Spyridon Samaras: Barcarolle Eastern Scenes

This is day 19 of the A-toZ Challenge in which I attempt to blog every day (excepting Sundays) during the month of April. During this month, I am curating a collection of “classical” music pieces, which are lesser known or by lesser known composers (to me at least).  Today’s composer is Spyridon Samaras (1861-1917). Though he was famous for opera, here is a delightful little barcarolle (song for gondoliers) for piano.

Samaras was born in Corfu, where he studied music before going to Athens. There his reputation grew and he wrote several operas before moving to Paris where he studied at the Paris Conservatory with Jules Massenet. In Paris he continued to write and his operas were well received. Next he moved to Italy where he became a famous figure in the opera scene of the day. He championed the works of Puccini and his own works were performed in the opera houses of Rome, Milan, Berlin, Vienna as well as other major cities.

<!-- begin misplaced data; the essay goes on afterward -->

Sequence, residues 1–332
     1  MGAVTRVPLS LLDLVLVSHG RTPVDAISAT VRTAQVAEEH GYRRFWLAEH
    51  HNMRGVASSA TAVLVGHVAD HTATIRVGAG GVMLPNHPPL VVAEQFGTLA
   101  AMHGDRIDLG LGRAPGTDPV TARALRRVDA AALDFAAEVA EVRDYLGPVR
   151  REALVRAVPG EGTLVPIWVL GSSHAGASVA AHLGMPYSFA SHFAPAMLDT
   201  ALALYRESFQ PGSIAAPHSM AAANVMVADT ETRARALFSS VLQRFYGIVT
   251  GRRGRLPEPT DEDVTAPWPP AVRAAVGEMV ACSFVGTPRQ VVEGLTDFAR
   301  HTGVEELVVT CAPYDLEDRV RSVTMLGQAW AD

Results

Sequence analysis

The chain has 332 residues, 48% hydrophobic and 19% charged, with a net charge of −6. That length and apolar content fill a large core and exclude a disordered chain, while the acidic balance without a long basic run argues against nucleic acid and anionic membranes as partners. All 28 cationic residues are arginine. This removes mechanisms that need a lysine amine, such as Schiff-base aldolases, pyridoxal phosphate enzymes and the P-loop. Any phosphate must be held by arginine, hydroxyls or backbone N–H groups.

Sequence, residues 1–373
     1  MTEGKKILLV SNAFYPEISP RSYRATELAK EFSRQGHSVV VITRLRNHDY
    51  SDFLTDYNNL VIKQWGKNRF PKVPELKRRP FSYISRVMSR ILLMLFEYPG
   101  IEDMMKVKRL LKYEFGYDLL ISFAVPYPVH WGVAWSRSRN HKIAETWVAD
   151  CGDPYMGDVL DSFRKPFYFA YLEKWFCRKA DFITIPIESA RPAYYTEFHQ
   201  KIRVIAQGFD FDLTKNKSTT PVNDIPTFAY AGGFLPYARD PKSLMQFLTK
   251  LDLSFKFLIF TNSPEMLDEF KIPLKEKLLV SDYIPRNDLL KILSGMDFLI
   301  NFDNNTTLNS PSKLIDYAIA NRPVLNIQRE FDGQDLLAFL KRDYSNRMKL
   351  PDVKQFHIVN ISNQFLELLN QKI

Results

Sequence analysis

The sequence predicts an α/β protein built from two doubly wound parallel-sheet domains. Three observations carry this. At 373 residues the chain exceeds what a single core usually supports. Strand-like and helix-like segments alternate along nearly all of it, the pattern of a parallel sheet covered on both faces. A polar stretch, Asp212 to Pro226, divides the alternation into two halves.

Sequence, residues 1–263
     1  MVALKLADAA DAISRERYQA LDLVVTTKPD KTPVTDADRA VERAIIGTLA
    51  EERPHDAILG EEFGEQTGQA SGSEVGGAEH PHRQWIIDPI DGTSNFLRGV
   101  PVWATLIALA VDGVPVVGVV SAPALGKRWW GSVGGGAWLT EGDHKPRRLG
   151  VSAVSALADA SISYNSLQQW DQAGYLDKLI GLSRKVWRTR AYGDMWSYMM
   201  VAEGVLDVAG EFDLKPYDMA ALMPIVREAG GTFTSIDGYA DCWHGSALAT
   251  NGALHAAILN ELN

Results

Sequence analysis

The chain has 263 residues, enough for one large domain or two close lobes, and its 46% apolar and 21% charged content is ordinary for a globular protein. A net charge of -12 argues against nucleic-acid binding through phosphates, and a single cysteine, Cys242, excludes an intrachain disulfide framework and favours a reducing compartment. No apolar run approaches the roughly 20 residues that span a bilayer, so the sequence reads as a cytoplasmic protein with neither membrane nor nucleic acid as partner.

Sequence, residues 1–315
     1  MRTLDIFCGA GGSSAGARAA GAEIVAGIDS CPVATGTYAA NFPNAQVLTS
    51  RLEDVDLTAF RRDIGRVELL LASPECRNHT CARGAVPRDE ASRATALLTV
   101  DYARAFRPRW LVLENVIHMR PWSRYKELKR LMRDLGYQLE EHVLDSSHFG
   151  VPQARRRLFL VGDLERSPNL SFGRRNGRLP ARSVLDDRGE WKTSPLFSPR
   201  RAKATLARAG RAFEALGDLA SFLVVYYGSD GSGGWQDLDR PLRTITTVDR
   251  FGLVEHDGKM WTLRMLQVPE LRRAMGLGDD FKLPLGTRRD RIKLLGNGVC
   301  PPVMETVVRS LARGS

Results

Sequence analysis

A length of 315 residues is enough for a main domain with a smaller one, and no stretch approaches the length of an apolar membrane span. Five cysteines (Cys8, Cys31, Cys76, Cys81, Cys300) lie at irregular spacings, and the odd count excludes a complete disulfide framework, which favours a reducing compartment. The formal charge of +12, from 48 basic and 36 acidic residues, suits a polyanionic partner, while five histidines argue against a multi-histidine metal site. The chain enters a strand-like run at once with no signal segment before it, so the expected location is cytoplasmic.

His most famous work gets played every four years. It is the “Olympic Hymn” which he was commissioned to write for the first modern Olympics, which games were resurrected in 1896.

Wikipedia has the lyrics here.

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About kurtnemes
Writer and Education Professional. Specialties include Ethics, Personal Memoir, Classical music, Tai Chi, Stress Reduction, Meditation, Coping, Classical Music, Aging, Love, Joy, Compassion and Equanimity (& what interests me.)

One Response to Spyridon Samaras: Barcarolle Eastern Scenes

  1. Suzy says:

    Thanks for sharing this information. I didn’t know that.
    Dropping by from A to Z

    Like

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